More evidence that supplements will not help your heart

TUESDAY, July 10, 2018 – There is another study that suggests that vitamin and mineral supplements purchased by millions of Americans do nothing to prevent heart disease.

This time, the finding comes from an badysis of 18 studies conducted between 1970 and 2016. Each badyzed how vitamins and mineral supplements-which are not reviewed by the US Food and Drug Administration. UU for their safety or effectiveness- affect heart health.

After tracking more than 2 million participants for an average of 12 years, the studies yielded a clear conclusion: it is not like that.

Still, "people tend to prefer a quick and easy solution, like taking a pill, instead of the hardest method to prevent cardiovascular disease" Simply, multivitamins and mineral supplements do not improve cardiovascular health outcomes , so [they] should not be taken for that purpose, "added Kim, an badistant professor of medicine at the University of Alabama in the division of cardiovascular diseases in Birmingham.

The Council for Responsible Nutrition, a commercial badociation representing the supplement manufacturers, he emphasized that the products are intended only for nutritional aids, not as a means of preventing or treating the disease.

"CRN emphasizes that multivitamins fill the nutrient voids in our diets less than perfect and support a number of other physiological functions, "said senior vice president Duffy MacKay in a communi "They are not meant to serve as magical bullets for the prevention of serious diseases."

In the study, Kim and his colleagues reported that after taking into account smoking habits and physical activity, they saw no evidence that taking a multivitamin or mineral supplements reduces the risk of dying from heart disease, suffering from stroke or die from a stroke.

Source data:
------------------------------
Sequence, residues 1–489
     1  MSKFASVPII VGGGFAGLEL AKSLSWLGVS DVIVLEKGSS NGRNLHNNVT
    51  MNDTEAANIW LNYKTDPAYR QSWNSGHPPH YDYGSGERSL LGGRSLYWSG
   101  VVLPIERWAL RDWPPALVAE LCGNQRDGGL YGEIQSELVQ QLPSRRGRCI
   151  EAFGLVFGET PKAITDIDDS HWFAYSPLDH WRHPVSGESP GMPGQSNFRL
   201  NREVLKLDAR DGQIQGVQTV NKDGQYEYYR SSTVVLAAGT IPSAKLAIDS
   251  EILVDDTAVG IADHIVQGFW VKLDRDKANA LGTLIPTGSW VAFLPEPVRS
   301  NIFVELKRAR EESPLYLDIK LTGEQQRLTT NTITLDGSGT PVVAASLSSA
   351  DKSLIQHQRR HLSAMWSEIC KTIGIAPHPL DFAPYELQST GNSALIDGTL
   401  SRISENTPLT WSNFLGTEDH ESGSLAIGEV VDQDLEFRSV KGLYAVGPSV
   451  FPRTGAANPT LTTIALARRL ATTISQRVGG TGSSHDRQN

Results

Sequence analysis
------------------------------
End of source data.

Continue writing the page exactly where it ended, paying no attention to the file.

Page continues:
The lack of an apparent benefit for cardiac health was observed in all areas, regardless of age or bad.

Dr. Gregg Fonarow helps direct the UCLA Preventive Cardiology Program in Los Angeles. He noted that more than 100 million American men and women take vitamins or supplements "often based on the mistaken belief that doing so can improve their cardiovascular and vascular health."

The widely regulated supplement industry is making a booming business, with an estimated value of $ 278 billion by 2024, Kim's team said.

This, despite the fact that previous studies "consistently showed no benefit" from supplements when it comes to heart health, Fonarow said.

In fact, both Kim and Fonarow believe that supplements can do harm.

How? According to Kim, putting his faith in supplements "could divert the public from the following measures that have been shown to be beneficial for cardiovascular health."

As an example, he noted that while 50 percent of the American public consumes dietary supplements, only 13 percent meet the federal recommendations for the consumption of fruits and vegetables.

"We know that the intake of fruits and vegetables improves cardiovascular health," Kim said.

Fonarow agreed, adding that "the false belief that these supplements provide the level of protection distracts from adopting approaches that actually reduce cardiovascular risk."

"The evidence-based approaches recommended by the guidelines to reduce the risk of fatal and non-fatal cardiovascular diseases include maintaining a healthy blood pressure, cholesterol levels, body weight, not smoking and engaging in physical activity daily, "Fonarow added.

"Cardiovascular medications such as statins are also widely available and cheap, which, in eligible individuals, can reduce risk safely and effectively," he said.

Neither the American Heart Association nor the American College of Cardiology recommend taking multivitamins or mineral supplements to reduce the risk of heart disease, Fonarow

As for Kim, she hopes the new study will "dampen the hype of multivitamins and supplements minerals, and encourages people to focus on real problems such as diet, exercise, [and] quit smoking. "

The research was published in the July issue of the journal Circulation .

More information

There is more about dietary supplements in the US Food and Drug Administration. UU

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